The coronavirus disease (COVID-19) had evolved as a global pandemic in a very short time infecting and killing millions of patients. Even now, many questions regarding COVID-19 are still unanswered. However, knowledge of certain aspects of COVID-19 such as pathophysiology of COVID-19, the type and severity of organ involvement, the consequences of coagulopathy and endotheliopathy, the role of disproportionate cytokine response, and the importance of the evolution of the virus has improved significantly. There is growing evidence indicating that the patients with COVID-19 are have a varying spectrum of disease going well beyond the differences observed in lung changes and ventilation-to-perfusion mismatch.[1],[2] Understanding the varying phenotypes and the underlying pathophysiology can be a leading step to assess the implications of personalized therapy in COVID-19.[3]

Based on the patient's characteristics, precision medicine aims to optimize the time of administration, dose, and selection of the most appropriate medicine with the minimum risk of toxicity.[4] This multidimensional approach is essential due to the varying disease course and therapeutic responses in individual patients. Factors, such as genetics, epigenetics, environment, ethnicity, lifestyle, and diet, are known to determine the disease course and outcome of treatment. Clinical trials have demonstrated the varying effect of certain drugs in different ethnic groups or patients with different comorbidities. To accommodate this, heterogeneity of the etiologies, presentations, and treatment responses of patients in clinical practice, a revised personalized clinical approach to treatment is recommended. The first step toward this is the development of machine learning-assisted risk assessment models followed by the identification of robust multimodal data-driven prognostic indicators. The aforementioned efforts require new strategies for integrating heterogeneous information from different structured and unstructured data sources (electronic health records, administrative databases, bioimaging archives, self-quantified measurements, etc.).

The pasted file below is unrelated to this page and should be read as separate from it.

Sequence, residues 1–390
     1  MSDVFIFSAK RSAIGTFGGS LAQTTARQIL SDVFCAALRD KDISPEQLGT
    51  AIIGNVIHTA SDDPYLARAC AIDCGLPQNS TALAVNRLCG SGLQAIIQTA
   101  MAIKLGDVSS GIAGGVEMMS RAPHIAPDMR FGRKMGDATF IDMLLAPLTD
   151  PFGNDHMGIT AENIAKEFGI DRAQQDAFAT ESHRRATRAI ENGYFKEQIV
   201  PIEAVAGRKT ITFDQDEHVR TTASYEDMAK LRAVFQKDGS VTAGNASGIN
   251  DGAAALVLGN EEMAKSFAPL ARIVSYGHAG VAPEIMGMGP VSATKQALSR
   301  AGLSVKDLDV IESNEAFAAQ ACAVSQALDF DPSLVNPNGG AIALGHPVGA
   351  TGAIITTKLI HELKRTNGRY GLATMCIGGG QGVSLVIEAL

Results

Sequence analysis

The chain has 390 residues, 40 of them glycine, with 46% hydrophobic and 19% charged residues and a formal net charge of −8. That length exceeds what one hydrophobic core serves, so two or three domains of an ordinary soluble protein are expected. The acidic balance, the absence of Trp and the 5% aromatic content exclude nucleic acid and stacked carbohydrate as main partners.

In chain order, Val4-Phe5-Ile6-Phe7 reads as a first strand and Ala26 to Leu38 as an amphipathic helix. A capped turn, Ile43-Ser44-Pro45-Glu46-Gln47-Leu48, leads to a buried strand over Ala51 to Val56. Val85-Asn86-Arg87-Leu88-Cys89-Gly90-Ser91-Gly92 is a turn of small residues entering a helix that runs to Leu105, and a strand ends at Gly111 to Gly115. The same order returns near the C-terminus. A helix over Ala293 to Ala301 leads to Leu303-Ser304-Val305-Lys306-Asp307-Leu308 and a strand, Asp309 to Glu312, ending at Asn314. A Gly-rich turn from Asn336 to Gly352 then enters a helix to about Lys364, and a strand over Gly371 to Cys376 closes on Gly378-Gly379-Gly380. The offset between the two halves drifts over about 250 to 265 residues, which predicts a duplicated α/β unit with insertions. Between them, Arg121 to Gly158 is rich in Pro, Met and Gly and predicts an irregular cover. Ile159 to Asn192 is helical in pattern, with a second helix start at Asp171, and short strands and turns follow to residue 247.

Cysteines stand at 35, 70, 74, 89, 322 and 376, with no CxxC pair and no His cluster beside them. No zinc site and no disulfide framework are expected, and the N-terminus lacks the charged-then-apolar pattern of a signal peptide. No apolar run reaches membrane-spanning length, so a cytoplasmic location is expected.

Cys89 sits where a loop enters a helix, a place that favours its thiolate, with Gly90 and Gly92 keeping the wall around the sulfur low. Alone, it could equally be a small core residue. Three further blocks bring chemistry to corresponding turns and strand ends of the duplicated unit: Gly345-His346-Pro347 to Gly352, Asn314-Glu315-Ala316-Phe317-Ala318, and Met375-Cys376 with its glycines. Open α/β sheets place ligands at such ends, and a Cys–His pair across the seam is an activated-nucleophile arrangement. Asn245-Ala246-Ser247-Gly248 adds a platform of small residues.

COVID-19 Pandemic and Challenges Top